"THE thousand accidental injuries of Fortunato I had developed borne when i best could, but when he ventured after insult I vowed revenge. You, who so well know the nature of my heart, will not imagine, however, that gave utterance to a menace. At length I'd be avenged; this is a spot definitely, settled --but the very definitiveness with which it was resolved precluded the thought of risk. I must not only punish but punish with impunity. An incorrect is unredressed when retribution overtakes its redresser. It is evenly unredressed when the avenger fails to make himself sensed as such to him who did the wrong. "
Poe uses irony as a catharsis for his internal angst. Even under the grotesque visions of lifeless remains everywhere in the underground vault, the reader seems little sympathy for Fortunato, perhaps because of his elitist frame of mind when he mocks Montresor, expressing "You are not of the brotherhood. " It's important to remember that Fortunato had many opportunities to leave at the narrator's insistence, but this man disregards them nevertheless, permanently sealing his own destiny; when the narrator proclaims his family motto and the description of his family crestas a snake biting in to the heel that crushes it, all of these are clues that could potentially allow for Fortunato's get away. In recalling the image of the snake, it is Montresor who plays this role against the man who would mercilessly step upon him, demeaning him, as Fortunato had done so many times before.
"The Cask of Amontillado" is filled with irony, starting by the title that mentions a barrel of an rare wine which is a secondary, if not really a mere fine detail in the complete story. We also have a situational circumstance of irony as Montresor requires the opportunity of the carnival season special event, a date to celebrate joyfully, to snare and murder Fortunato.
In this short story we will get three types of irony:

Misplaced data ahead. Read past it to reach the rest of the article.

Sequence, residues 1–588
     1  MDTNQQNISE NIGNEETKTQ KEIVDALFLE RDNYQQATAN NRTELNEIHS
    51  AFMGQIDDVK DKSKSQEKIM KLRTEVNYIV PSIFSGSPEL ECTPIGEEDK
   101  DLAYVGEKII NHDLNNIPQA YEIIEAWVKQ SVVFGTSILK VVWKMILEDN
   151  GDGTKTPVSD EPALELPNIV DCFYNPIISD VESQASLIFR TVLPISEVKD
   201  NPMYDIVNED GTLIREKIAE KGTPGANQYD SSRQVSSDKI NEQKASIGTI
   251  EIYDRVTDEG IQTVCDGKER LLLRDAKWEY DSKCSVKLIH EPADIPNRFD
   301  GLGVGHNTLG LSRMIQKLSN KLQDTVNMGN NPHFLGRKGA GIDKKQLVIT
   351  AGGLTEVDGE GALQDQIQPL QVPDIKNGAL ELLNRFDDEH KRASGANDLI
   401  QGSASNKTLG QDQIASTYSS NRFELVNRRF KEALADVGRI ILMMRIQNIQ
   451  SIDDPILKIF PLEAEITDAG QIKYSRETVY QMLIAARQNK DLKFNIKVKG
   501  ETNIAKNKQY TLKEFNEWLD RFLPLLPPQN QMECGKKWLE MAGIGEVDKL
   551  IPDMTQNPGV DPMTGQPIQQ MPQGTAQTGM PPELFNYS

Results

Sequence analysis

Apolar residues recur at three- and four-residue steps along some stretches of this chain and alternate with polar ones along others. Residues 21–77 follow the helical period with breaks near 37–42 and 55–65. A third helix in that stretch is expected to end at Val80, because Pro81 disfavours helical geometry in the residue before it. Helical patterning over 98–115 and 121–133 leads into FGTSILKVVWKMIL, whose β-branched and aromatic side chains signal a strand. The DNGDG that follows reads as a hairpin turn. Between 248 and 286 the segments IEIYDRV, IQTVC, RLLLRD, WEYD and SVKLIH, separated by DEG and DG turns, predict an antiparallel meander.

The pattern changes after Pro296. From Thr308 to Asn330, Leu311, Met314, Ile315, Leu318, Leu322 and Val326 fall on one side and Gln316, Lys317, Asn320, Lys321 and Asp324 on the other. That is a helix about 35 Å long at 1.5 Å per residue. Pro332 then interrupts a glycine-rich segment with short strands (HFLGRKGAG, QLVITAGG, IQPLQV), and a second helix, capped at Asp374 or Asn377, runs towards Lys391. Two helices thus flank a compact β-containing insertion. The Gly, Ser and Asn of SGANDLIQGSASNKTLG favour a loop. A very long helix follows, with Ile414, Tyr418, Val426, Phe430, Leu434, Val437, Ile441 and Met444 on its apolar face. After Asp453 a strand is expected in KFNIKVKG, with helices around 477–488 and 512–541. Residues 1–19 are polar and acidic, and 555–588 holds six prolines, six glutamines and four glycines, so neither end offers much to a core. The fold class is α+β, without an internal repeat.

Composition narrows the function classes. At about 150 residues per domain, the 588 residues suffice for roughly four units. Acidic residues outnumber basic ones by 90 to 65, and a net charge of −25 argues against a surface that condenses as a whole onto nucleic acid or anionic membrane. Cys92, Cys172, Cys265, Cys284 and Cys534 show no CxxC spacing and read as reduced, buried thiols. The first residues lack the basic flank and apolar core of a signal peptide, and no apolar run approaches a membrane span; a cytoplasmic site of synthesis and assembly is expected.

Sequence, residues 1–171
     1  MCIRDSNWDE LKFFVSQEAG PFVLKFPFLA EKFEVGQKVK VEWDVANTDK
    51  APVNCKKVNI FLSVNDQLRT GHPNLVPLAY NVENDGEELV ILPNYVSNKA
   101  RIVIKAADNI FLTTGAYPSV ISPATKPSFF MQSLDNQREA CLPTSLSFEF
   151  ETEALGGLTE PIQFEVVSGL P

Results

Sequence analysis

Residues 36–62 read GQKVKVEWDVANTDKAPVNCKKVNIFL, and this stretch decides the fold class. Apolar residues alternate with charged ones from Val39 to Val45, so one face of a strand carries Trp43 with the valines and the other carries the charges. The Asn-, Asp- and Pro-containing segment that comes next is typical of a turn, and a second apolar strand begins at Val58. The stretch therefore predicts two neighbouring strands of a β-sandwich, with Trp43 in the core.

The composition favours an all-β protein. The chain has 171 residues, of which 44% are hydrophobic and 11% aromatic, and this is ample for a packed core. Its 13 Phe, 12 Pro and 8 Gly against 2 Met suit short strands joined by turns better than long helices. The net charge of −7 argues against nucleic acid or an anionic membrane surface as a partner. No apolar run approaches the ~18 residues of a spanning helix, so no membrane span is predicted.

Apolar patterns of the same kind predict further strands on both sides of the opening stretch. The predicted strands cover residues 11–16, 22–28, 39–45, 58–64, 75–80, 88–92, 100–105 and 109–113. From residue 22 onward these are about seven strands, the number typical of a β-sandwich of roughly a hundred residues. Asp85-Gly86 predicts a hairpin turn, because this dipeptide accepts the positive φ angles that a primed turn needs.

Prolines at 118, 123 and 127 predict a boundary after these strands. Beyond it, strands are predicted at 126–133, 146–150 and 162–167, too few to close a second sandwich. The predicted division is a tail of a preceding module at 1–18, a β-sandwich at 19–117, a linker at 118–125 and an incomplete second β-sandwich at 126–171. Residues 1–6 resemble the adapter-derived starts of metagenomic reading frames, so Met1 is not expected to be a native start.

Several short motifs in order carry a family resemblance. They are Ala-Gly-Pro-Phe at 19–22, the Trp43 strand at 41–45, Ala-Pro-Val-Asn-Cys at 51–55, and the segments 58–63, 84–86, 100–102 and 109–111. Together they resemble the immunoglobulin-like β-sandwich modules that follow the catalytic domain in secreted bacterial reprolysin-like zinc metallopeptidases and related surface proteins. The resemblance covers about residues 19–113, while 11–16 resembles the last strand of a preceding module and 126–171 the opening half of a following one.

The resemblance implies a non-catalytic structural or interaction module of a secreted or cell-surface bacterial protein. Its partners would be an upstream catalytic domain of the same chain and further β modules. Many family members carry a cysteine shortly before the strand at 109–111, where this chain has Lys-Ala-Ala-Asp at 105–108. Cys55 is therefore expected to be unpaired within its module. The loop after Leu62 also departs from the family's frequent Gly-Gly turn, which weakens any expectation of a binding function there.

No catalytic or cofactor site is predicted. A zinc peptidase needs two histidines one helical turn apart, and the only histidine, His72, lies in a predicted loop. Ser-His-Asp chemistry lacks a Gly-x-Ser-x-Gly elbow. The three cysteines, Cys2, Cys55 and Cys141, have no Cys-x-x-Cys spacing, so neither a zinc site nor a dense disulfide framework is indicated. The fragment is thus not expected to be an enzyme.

Verbal irony that involves saying a very important factor but meaning the contrary.
Situational irony which occurs when occasions turn out the opposite of what would typically be expected. For instance: the name of the short story as mentioned before.
Dramatic irony is when visitors or viewers of a story learn than the heroes or can interpret more accurately what they need to say. When Montresor repeats Fortunato's "Why don't we be gone, " readers probably make a second interpretation of what Fortunato understand by that.
The first words Montresor utters when he matches Fortunato is full of irony, since he did not met his good friend with a chance, neither Fortunato was "luckily met": "My dear Fortunato, you are thankfully met". Fortunatos jester halloween costume is also very satirical.
The way the storyline unfolds itself and just how Montresor foretells Fortunato is packed with irony right from the start to the very end when he screams Fortunatos name right after he died. Here are some excerpts to demonstrate:
Montresor expressing himself worried about the nitre-covered wall surfaces and exacerbation of Fortunato's cough-this can be an example of verbal irony. As the sufferer replies: "the coughing is only nothing; it will not kill me. I shall not die of your cough. "
The second wine used is a flagon of De Grave - here Poe takes on with your wine brand and the term grave in English this means sepulture: "I broke and come to him a flagon of De Grave. He emptied it at a breath. His eyes flashed with a fierce light. He laughed and threw the container upwards with a gesticulation I did so not understand. "
They made a toast to Fortunato's long life, who didn't know he was about to face fatality: "Drink, " I said, delivering him the wine.
He lifted it to his lip area with a leer. He paused and nodded if you ask me familiarly, while his bells jingled.
"I drink, " he said, "to the buried that repose all around us. "
"And I to your extended life. "
Fortunato is the true ignoramus, term he used to insult Luchesi, whom Montresor has several times suggested as a connoisseur who could substitute for Fortunato: "As you are engaged, I am on my way to Luchesi. If anyone has a crucial move, it is he. He will tell me" --
"Luchesi cannot inform Amontillado from Sherry. "
"Why don't we go, nevertheless. The cold is merely nothing at all. Amontillado! You could have been enforced upon; and for Luchesi, he cannot identify Sherry from Amontillado. "
Poe uses repetition to ensure visitors to deeper comprehend the concepts and storyline development.
In this short story we do not have a violent, drunk or psycho identity that kills for no reason or disconnected from truth. Montresor knows what he is doing and maintains targeted and lucid constantly and that is what apart "The Cask of Amontillado" from Poe's other stories.
This tale contains a great amount of dark humor and is also somehow a kind of warning for individuals who thread other people by bullying them because the offended ones might always come back urging for revenge.